Burridge Woods is a 22 ha broadleaf woodland situated on a steep hillside above the River Barle near Dulverton in Somerset. It is owned by Exmoor National Park Authority and is made up of largely sessile oak (Querecus petraea) trees, as well as some ash (Fraxinus excelsior) and beech (Fagus sylvatica). The understorey is comprised of hazel (Corylus avellana) and holly (Ilex aquifolium). Most of the woodland forms part of a Site of Special Scientific Interest (SSSI), designated for its important wildlife including rare lichens which thrive in the clean, moist air, as well as woodland bird species such as pied flycatchers. Along with several other sites including the Tarr Steps Woodlands, Burridge Woods makes up part of Exmoor National Park Authority's Barle Valley Woodland sites.
Much of the woodland was once managed for oak coppice but it is believed that the oak coppice was replaced with a superior stock of sessile oak trees when the woodland was part of the Pixton Estate in the 1880s and these oak trees are now reaching maturity. However, the southern end of the woodland used to be open fields, but since the 1950s it has slowly been colonised by pioneer tree species such as ash and hazel and is now continuous woodland. An old beech hedge boundary still runs through the wood marking the northern edge of the former open fields.
The management of Burridge Woods includes carrying out sensitive thinning which will allow some more light into the woodland. Much of the oak timber has been used in the production of infrastructure like signs and gates by the National Park Authority's Estate Team for use on Exmoor. Non-native, invasive rhododendron plants have largely been eradicated from the woodland but some regrowth and seedlings occasionally appear and these are removed. Holly is quite dense in places in Burridge Woods and in these areas, the holly has been coppiced back to allow in more light to the woodland floor. The provision of deadwood and deadwood creation is an important element in order to increase this valuable resource at Burridge Woods.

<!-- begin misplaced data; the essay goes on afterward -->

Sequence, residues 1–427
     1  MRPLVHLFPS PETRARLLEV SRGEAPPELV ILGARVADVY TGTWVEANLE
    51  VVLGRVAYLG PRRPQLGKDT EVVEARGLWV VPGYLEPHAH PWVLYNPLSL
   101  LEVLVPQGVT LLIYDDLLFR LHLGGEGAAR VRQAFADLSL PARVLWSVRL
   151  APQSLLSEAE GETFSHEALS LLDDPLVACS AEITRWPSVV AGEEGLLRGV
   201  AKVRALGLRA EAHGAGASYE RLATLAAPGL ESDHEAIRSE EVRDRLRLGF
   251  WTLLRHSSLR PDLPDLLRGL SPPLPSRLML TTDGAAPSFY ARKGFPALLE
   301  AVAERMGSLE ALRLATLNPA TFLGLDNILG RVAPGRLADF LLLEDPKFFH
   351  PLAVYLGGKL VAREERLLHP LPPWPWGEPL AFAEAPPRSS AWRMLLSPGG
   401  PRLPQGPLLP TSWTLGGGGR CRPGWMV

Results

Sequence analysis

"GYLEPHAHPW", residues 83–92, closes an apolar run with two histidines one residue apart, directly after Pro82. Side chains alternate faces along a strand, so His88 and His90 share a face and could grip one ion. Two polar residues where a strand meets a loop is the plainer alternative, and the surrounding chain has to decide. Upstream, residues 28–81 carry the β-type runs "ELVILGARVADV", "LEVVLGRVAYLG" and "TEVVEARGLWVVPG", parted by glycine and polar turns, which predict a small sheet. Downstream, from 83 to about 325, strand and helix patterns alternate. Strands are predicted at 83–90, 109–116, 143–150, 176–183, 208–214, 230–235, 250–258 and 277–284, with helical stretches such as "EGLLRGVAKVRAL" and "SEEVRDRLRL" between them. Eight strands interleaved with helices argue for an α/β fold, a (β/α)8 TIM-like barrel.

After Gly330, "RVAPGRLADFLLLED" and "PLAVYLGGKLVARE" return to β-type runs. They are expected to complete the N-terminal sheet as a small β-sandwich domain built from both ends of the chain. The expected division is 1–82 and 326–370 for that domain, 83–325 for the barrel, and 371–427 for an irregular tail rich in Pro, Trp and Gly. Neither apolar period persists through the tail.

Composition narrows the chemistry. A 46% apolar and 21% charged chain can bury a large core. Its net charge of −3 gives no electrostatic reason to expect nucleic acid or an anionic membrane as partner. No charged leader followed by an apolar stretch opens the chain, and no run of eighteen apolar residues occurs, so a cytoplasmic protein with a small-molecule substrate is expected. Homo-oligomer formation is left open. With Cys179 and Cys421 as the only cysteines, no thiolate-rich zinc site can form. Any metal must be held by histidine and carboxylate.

Because Burridge Woods is so close to Dulverton, the local Dulverton Middle School have been utilising the woodland as an educational resource as part of the Exmoor Curriculum.
Burridge Wood lies within a loop of the River Barle near Dulverton in Somerset and is at grid reference SS912285.
There are no car parks on site but there are several pay and display car parks in Dulverton which is just a 5-10 min walk away from the southern end of the woodland.
A Public Footpath, making up part of the Exe Valley Way, runs along the foot of the site parallel to the River Barle. Other permitted paths go through the site. It is possible to carry out a circular walk from Dulverton via Burridge Wood which involves some walking along roads as well as public rights of way.
What to look out for
Sessile oak trees dominate the woodland. In summer, it may be possible to see pied flycatchers darting through the wood. The Iron-Age hillfort, Oldberry Castle, is located at the top of the site but outside of the National Park Authority's ownership. There are scenic views along the Barle Valley from some vantage points.
Find out more about the management of Exmoor National Park Authority's Burridge Woods in the Barle Valley Vision Statement
- Exmoor's Wildlife
- Exmoor - a year in sounds
- Exmoor Wildwatch
- The Exmoor Landscape
- Towns and Villages
- Trees and Woodland
- Exmoor's Coast
- Exmoor's Rivers & Streams
- Porlock Marsh Vision
- Exmoor's Geology
- Wildlife Events
- Exmoor Non-Native Invasive Species (ENNIS) Project